In my two previous columns I discussed the controversy surrounding Tacoma Police Chief Don Ramsdell’s failure to disclose embarassing information regarding an Amber Alert in the Zina Linnik murder investigation. There was much discussion on the topic, prompting this third blog on the topic.
Initially, I made the argument that the chief should be held accountable for his actions, rather than reverting to “forgive and forget,” as some op-ed writers suggested. Following several Trib articles, which appeared to pave the way for the chief’s speedy exit, I followed up by changing tack to prevent what I felt was overkill. I took this stance because I believed it was fair, balanced and based on my general understanding of the criminal justice work environment in which I have spent my adult life.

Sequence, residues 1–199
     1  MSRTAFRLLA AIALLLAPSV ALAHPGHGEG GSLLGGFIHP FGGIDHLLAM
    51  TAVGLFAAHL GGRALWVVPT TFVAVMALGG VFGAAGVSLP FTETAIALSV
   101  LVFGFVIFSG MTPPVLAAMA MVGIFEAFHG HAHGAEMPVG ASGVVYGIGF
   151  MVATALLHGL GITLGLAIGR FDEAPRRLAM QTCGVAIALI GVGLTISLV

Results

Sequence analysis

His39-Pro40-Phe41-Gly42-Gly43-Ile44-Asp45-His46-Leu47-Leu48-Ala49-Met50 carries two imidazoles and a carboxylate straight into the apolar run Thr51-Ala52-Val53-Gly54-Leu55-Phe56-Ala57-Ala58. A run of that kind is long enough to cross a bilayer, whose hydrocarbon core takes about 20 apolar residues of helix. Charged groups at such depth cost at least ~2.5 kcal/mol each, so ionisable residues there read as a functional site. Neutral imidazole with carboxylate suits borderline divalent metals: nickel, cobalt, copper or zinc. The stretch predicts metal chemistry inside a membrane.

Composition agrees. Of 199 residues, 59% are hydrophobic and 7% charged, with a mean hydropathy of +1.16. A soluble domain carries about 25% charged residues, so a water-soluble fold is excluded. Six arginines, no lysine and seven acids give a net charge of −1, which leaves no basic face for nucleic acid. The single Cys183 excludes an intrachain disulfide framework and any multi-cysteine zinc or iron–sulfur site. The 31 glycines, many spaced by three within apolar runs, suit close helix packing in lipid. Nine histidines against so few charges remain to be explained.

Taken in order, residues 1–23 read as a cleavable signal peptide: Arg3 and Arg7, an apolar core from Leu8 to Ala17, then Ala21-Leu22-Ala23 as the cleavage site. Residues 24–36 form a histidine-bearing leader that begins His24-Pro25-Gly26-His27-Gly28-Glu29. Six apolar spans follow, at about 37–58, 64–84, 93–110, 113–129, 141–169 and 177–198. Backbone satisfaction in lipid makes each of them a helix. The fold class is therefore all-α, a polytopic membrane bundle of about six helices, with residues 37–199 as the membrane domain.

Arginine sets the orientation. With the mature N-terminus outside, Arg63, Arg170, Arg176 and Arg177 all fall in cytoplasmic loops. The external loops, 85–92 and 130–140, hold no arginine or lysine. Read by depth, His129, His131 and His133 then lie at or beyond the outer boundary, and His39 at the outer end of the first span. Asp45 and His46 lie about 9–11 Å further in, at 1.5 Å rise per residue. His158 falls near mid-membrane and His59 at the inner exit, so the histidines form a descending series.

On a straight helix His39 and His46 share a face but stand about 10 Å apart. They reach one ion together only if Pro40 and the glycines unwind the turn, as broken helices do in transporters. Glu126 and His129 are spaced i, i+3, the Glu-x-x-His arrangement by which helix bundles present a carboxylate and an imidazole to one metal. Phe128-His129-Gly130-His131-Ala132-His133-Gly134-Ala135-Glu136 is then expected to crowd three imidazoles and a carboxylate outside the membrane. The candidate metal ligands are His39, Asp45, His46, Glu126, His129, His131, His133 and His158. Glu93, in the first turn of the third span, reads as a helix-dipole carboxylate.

Many of you disagreed. Those that chose to dispute my attempt to mitigate the situation did so with passion and conviction. That certainly got my attention.Although this exchange in no way should be construed as an accurate poll of public opinion, it was clear that the lack of trust in the leadership of TPD can not be ignored. Though I remain convinced that the underlying issue was an error in judgment that has been adequately addressed, it would be disingenuous to continue pushing this viewpoint on readers who do not share my experiences and relationships.
This has been yet another reminder that the relationship between police officers and the citizens we are sworn to protect is fragile. It requires regular and open communication to maintain its integrity. If breached by deception, this relationship requires a disproportionate amount of effort to repair. In this case TPD should make every effort to repair the public trust in a timely and effective manner.
I hope I provided some answers, but in this case you provided better questions.